Some time ago I was asked two questions: What is your greatest joy, and what is your greatest fear? My answers are two sides of the same coin: my greatest joy is reconciliation, and my greatest fear is a broken relationship that can’t be repaired.
I’ve worked on my greatest joy as a therapist since 1998, and spent ten years in private practice focusing on couples therapy, plying the trade of relationship repair with hundreds of individuals and couples.
My work as a therapist began in graduate school at Pacific Lutheran University (Tacoma, Washington, 1999), studying Marriage and Family Therapy. I worked in mental-health agencies and at Group Health Cooperative before running my own private practice.
I also do the work of reconciliation as a faith leader. In 2007, I entered the process of formation as a deacon in the Episcopal Church, and was ordained in late 2010. Deacons are part-time clergy, helping churches look outward to see and respond to the needs, concerns, and hopes of the world. They challenge and motivate churchgoers to live out their faith in lives of service to others. Deacons are rarely paid by the church for their work, because they are supposed to spend most of their time and energy outside the church walls.
In May 2013, I began recovering from alcoholism. My story of recovery - which is still unfolding today – is another story of reconciliation in my life. In recovery, I am being reconciled to friends, family, and community; and I also work to be reconciled to my own best self. In 2015, I began to respond to a growing sense that I was called to the priesthood, a calling and a role that would not be possible for me without my recovery experience. According to the Book of Common Prayer of the Episcopal Church, the mission of the church is "to restore all people to unity with God and each other in Christ” (BCP, p. 855). That sounds a lot like my life’s work, the work of reconciliation.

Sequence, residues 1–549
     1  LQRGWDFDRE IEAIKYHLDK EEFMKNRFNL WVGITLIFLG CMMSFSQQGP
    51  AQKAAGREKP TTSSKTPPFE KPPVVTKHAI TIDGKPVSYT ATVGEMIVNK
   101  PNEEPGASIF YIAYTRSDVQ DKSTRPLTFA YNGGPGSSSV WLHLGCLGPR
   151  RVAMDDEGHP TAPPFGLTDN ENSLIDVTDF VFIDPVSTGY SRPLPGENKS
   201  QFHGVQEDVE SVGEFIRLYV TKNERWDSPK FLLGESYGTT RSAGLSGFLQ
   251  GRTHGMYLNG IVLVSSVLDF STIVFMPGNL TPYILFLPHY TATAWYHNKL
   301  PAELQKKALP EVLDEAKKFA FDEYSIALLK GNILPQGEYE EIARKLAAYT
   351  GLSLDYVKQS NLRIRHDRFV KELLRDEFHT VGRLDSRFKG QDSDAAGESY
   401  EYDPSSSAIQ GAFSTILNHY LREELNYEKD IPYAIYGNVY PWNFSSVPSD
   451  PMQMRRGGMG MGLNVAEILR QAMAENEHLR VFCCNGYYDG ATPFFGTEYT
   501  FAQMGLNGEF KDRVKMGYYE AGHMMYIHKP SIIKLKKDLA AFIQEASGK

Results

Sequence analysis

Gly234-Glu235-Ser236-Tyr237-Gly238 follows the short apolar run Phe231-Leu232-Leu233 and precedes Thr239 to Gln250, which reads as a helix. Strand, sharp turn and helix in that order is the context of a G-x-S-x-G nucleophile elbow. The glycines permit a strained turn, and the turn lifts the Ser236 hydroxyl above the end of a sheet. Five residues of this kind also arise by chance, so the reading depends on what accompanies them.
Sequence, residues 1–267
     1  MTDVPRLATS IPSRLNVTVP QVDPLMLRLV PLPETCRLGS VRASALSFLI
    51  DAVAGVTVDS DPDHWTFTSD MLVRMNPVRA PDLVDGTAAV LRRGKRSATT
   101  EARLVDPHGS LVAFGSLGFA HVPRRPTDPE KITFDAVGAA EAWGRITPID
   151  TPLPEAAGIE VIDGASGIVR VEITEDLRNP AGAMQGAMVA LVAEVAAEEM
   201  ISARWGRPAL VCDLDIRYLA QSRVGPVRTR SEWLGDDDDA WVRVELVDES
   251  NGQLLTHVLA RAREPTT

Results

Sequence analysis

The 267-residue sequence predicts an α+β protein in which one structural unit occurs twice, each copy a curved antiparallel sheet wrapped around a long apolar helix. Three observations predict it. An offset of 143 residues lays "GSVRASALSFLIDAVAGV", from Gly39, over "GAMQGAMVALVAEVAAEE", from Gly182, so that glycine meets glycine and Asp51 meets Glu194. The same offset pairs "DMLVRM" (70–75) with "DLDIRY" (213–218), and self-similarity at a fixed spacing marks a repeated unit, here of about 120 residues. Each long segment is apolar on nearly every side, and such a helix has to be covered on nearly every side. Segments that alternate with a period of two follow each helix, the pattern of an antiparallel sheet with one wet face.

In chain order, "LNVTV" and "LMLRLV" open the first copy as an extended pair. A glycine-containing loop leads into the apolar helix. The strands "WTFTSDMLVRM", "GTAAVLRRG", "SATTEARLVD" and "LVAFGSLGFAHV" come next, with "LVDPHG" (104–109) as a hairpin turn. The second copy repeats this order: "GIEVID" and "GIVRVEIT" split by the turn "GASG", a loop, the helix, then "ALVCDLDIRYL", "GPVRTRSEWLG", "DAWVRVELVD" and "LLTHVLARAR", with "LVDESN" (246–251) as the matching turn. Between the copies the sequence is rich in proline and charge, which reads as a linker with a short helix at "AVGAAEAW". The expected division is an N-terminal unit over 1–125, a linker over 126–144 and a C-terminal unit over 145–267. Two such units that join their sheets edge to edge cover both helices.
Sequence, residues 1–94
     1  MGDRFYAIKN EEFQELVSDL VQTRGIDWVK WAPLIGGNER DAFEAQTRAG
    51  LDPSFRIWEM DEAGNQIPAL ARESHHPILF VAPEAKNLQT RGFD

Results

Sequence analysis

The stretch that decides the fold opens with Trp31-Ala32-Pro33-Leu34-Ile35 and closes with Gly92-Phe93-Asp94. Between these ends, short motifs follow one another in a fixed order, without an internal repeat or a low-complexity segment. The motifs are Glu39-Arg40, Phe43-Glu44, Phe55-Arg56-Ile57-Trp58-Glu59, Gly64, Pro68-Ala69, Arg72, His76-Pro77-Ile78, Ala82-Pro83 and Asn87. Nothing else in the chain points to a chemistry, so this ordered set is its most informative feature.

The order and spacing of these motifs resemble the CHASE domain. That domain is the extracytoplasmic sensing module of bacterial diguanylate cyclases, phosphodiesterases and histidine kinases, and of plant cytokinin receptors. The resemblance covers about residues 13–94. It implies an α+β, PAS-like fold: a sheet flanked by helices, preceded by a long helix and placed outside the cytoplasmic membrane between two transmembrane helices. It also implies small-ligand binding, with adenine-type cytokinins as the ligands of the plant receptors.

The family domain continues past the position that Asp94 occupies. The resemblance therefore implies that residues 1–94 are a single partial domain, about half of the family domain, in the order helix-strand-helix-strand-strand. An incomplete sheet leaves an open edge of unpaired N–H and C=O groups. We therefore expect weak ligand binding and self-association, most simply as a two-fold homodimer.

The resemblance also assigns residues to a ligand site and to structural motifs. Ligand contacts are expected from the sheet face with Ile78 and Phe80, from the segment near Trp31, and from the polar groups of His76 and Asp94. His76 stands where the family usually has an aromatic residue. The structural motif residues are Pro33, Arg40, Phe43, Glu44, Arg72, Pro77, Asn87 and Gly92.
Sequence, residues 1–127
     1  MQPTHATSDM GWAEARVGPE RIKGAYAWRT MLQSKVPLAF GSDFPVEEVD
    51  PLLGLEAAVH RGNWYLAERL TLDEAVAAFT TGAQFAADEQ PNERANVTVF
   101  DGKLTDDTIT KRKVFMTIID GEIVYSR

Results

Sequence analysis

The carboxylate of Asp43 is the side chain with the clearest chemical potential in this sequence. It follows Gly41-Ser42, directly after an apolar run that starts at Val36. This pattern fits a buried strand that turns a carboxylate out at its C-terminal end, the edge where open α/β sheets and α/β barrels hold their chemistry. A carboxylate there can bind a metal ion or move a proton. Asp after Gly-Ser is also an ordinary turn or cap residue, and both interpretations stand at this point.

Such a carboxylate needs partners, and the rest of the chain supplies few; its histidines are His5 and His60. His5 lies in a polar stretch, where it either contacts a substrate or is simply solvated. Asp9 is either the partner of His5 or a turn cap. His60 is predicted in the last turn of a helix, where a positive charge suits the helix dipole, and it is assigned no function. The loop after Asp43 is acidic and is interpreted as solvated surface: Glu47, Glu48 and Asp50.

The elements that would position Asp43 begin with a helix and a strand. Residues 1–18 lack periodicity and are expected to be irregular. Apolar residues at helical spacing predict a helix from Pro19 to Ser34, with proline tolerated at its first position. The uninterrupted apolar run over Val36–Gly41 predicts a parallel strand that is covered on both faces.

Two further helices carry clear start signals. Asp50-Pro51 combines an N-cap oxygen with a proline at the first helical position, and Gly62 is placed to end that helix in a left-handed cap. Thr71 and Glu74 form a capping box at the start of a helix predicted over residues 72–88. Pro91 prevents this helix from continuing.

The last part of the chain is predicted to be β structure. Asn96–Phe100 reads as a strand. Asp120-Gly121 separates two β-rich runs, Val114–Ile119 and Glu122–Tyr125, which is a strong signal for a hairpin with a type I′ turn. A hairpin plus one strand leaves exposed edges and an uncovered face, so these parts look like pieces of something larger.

I entered graduate school again in the fall of 2017, at Virginia Theological Seminary. My husband and I are spending three years in Alexandria while I complete my Master’s in Divinity. We live there with our animal companion, a Shiba Inu dog named Hoku ala (a Hawaiian name that means ‘star rising’). We are planning to return to the Seattle area in 2020, when I will finally (God willing) take up the vocation of Episcopal priest.